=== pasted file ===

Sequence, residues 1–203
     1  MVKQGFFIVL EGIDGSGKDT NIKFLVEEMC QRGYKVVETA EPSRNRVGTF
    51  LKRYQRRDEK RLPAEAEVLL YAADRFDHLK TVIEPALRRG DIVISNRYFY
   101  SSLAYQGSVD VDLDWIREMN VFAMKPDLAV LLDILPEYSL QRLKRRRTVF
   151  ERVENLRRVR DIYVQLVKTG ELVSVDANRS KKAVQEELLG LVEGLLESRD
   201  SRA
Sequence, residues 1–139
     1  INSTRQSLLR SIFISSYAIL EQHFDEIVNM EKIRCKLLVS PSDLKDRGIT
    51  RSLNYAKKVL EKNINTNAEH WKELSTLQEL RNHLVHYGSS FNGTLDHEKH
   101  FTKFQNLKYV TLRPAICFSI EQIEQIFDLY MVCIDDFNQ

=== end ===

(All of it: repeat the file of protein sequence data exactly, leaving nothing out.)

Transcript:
Sequence, residues 1–203
     1  MVKQGFFIVL EGIDGSGKDT NIKFLVEEMC QRGYKVVETA EPSRNRVGTF
    51  LKRYQRRDEK RLPAEAEVLL YAADRFDHLK TVIEPALRRG DIVISNRYFY
   101  SSLAYQGSVD VDLDWIREMN VFAMKPDLAV LLDILPEYSL QRLKRRRTVF
   151  ERVENLRRVR DIYVQLVKTG ELVSVDANRS KKAVQEELLG LVEGLLESRD
   201  SRA
Sequence, residues 1–139
     1  INSTRQSLLR SIFISSYAIL EQHFDEIVNM EKIRCKLLVS PSDLKDRGIT
    51  RSLNYAKKVL EKNINTNAEH WKELSTLQEL RNHLVHYGSS FNGTLDHEKH
   101  FTKFQNLKYV TLRPAICFSI EQIEQIFDLY MVCIDDFNQ